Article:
Admit it. For the longest time you’ve suspected there’s a reason these two men have never been photographed together.
Ben Stiller, of all people, was the first to draw attention to the rhetorical strategy that the professional contrarian and incessant Lacanian shares with the Sphinx. But since it pissed Stiller off so much, we were so busy relishing his impotent fury that we failed to think through the implications – that beneath the Sphinx’s masks must lurk not the excellent Wes Studi but a certain Slovenian philosopher.
Over the last decade, fractures have appeared in Žižek’s work that suggest even he is beginning to suspect himself of being one of the Mystery Men. For example, 116 pages into Violence: Six Sideways Reflections (New York: Picador 2008) Žižek writes:
It is, however, all too easy to score points in this debate using witty reversals which can go on indefinitely.
However, the remainder of the book and many of his subsequent pronouncements merely indicate the depths of his denial.
Last week I was invited to introduce a screening of Contact – a film I had seen twice in twenty years and then saw twice in the same week – as part of this series at Bristol Cathedral. (The last film I saw there was The Medusa Touch (1978), which was partly filmed in the cathedral. They sat us in rows where, in the film, the ceiling collapses on people sat in rows.) This did not seem quite the right place to detail the film’s profound intellectual dishonesty, so this, more or less, is what I said:
When we think of science fiction, if we strip away all the space battles, alien monsters and big explosions, it might seem that we would be left with a genre that is profoundly secular and materialist, free from any concern with the supernatural or the spiritual. But sf is also part of our wider culture; it plays off it and builds on it in all kinds of ways.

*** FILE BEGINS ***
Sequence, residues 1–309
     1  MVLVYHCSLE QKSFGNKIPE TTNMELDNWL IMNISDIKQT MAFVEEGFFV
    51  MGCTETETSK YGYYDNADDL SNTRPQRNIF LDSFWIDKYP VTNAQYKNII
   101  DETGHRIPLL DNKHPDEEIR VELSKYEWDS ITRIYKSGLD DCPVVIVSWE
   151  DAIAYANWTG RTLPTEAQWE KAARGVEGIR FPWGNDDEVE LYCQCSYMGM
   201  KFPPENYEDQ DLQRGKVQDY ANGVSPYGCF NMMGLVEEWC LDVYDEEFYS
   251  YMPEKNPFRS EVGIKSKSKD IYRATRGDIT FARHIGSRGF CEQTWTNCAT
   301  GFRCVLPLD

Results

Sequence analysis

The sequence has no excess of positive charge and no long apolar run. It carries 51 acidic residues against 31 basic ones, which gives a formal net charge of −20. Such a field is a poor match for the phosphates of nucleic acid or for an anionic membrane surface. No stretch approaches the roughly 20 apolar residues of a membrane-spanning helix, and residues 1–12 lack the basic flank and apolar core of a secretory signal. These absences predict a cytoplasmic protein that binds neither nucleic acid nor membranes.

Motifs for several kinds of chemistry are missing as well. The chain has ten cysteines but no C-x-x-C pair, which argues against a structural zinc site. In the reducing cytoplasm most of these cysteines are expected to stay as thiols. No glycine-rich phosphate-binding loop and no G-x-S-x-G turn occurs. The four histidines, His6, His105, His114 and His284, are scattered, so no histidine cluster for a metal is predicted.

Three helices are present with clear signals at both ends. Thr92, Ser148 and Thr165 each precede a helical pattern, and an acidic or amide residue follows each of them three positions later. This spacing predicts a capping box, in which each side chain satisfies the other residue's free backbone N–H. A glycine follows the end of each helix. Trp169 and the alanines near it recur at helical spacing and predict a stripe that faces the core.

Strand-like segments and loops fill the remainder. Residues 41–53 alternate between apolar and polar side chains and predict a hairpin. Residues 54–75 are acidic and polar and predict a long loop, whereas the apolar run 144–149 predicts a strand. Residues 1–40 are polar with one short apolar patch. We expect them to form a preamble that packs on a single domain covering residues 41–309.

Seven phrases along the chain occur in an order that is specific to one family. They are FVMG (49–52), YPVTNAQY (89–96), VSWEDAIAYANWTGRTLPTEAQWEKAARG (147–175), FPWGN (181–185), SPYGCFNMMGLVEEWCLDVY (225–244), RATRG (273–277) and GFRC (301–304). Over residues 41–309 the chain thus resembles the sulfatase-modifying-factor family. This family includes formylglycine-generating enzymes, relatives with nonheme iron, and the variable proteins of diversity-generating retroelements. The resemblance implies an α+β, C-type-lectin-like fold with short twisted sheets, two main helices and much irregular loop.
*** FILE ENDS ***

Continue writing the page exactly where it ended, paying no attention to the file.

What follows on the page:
Indeed, Adam Roberts, in his The History of Science Fiction (2006) argues that one of the sources – or perhaps an early manifesation – of sf is a sixteenth- and seventeenth-century theological debate, primarily Catholic but also taken up by Protestants, on the plurality of worlds. Could there be other worlds inhabited by other beings like us? Were they fallen races? Did Christ have to die again for each of them?
As Roberts writes, ‘unsupported by scriptural authority, the very notion of other inhabited worlds flirts with heresy, which lends the topic a dangerous flavour for more than 100 years’ (50). Both Johannes Kepler and Cyrano de Bergerac wrote fiction in which the Moon is inhabited – but chose not to have these tales publish while they were still alive. Palingenius – real name Pietro Angelo Manzoli – was less careful. As Roberts states, in his ‘speculative cosmology … Zodiacus Vitae (‘Living Zodiac’), originally published in Italy in 1537’, Palingenius pointed out that some people considered every bright star to be a world, and supposes that their inhabitants count our dark planet as the least among all the heavenly bodies. Despite his circumspection in attributing such ideas to others, he was ‘classified as a heretic of the highest class in the Papal Index’ (50).
Leap forward into 20th century sf, and the same sort of questions are explored in CS Lewis’s Out of the Silent Planet (1938), Perelendra (1943) and That Hideous Strength (1945), books I find hateful – the more mean-spirited they become, the worse the quality of the writing (and thinking). American writers also explore such questions, as in James Blish’s A Case of Conscience (1958), Harry Harrison’s ‘The Streets of Ashkelon’ (1962) and Mary Doria Russell’s The Sparrow (1996) and Children of God (1998).
In a rather different vein – weirder and more horrific – HP Lovecraft’s Cthulhu stories of the 1920s and 1930s create a thoroughly non-supernatural universe the age and immensity of which renders alien species as kinds of mad, diseased gods.